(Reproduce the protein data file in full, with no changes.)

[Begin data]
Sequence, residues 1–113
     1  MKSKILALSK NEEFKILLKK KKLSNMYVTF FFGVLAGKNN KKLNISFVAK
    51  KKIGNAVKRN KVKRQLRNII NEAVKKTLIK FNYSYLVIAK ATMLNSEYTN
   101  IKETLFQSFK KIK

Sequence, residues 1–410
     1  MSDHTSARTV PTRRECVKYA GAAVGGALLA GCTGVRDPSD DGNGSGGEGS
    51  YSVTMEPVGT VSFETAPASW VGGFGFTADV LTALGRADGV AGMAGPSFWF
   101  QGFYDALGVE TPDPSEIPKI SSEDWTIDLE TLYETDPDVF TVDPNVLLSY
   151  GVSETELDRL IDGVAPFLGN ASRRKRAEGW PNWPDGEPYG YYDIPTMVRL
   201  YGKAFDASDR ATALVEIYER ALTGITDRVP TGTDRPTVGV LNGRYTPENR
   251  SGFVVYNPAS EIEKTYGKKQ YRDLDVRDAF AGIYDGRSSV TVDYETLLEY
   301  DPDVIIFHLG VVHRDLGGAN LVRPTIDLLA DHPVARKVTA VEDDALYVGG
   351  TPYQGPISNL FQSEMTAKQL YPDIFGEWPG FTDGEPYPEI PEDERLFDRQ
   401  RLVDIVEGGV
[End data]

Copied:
Sequence, residues 1–113
     1  MKSKILALSK NEEFKILLKK KKLSNMYVTF FFGVLAGKNN KKLNISFVAK
    51  KKIGNAVKRN KVKRQLRNII NEAVKKTLIK FNYSYLVIAK ATMLNSEYTN
   101  IKETLFQSFK KIK

Sequence, residues 1–410
     1  MSDHTSARTV PTRRECVKYA GAAVGGALLA GCTGVRDPSD DGNGSGGEGS
    51  YSVTMEPVGT VSFETAPASW VGGFGFTADV LTALGRADGV AGMAGPSFWF
   101  QGFYDALGVE TPDPSEIPKI SSEDWTIDLE TLYETDPDVF TVDPNVLLSY
   151  GVSETELDRL IDGVAPFLGN ASRRKRAEGW PNWPDGEPYG YYDIPTMVRL
   201  YGKAFDASDR ATALVEIYER ALTGITDRVP TGTDRPTVGV LNGRYTPENR
   251  SGFVVYNPAS EIEKTYGKKQ YRDLDVRDAF AGIYDGRSSV TVDYETLLEY
   301  DPDVIIFHLG VVHRDLGGAN LVRPTIDLLA DHPVARKVTA VEDDALYVGG
   351  TPYQGPISNL FQSEMTAKQL YPDIFGEWPG FTDGEPYPEI PEDERLFDRQ
   401  RLVDIVEGGV